I knit washcloths. I know several other people who knit washcloths. I use them as bathing tools, particularly for facewashing. I like the way they exfoliate gently, and the organic cotton I use feels "healthy" somehow. I tend to use washable microfiber cloths and sponges for housework. It works for me.
I know other people who do not use washcloths of any kind for bathing, and use their knitted washcloths to wash dishes, wipe children's faces, clean counters and minor spills, and even to wipe down their bathroom. They have decided which textures best suit their needs, and they are happy.
Then there's that third group of people whom I don't really understand. They not only don't use washcloths, they are ANTI washcloth. These are the people who "would never use a dishcloth. GERMS!" Really? (OK washcloth people, settle down. The Anti's will get theirs in a second.) They are washable, like your dish and bath towels. You can wash them after every use, or every day, or as often as you like. You can use anti-bacterial cleaners. You can bleach them. Assuming that because they exist in someone's home they must be germ-infested colonies of the plague is a little extreme. These same Anti people are reasonable about other things. They do not change their sheets every morning. They do not store their toothbrushes in bottles of mouthwash. They do not wash their hats and gloves more than once a season.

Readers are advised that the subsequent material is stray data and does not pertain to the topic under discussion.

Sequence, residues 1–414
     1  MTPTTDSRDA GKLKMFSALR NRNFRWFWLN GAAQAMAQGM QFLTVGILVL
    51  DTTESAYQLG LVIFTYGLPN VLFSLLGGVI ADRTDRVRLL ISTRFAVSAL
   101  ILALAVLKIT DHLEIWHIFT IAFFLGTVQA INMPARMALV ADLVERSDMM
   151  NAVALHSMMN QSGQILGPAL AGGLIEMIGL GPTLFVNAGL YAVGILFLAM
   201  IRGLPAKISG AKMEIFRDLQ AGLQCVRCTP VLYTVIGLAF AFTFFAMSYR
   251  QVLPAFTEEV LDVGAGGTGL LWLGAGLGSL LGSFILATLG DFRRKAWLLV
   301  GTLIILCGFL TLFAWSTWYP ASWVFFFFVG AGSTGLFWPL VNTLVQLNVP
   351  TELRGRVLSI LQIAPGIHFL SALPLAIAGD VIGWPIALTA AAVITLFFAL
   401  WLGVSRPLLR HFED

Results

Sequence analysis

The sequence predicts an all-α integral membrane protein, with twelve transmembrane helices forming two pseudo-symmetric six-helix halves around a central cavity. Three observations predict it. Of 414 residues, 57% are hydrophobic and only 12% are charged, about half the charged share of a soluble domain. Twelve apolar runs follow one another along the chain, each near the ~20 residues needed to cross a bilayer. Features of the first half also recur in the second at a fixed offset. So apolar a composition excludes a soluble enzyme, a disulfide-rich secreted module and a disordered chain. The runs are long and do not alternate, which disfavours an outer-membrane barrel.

I'm surprised by the intensity of the judgement, and think everybody needs to calm the heck down. One can only surmise that these germless women are the same women who understand how men think, are immune to the powers of chocolate, and whose children start performing charity work in the womb. I don't get it.
If you love making washcloths, make 'em. If you love using washcloths, use 'em. If you think they're a terrible idea, don't make 'em or use 'em. And if you use 'em and don't wash 'em for weeks at a time, change your ways. That's just gross! OK? Move on.